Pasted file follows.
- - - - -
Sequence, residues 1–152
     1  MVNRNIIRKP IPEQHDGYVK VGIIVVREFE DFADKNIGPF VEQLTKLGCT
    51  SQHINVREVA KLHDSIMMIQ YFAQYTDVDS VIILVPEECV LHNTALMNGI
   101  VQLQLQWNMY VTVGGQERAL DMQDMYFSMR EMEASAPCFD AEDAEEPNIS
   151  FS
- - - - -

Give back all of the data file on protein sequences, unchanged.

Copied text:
Sequence, residues 1–152
     1  MVNRNIIRKP IPEQHDGYVK VGIIVVREFE DFADKNIGPF VEQLTKLGCT
    51  SQHINVREVA KLHDSIMMIQ YFAQYTDVDS VIILVPEECV LHNTALMNGI
   101  VQLQLQWNMY VTVGGQERAL DMQDMYFSMR EMEASAPCFD AEDAEEPNIS
   151  FS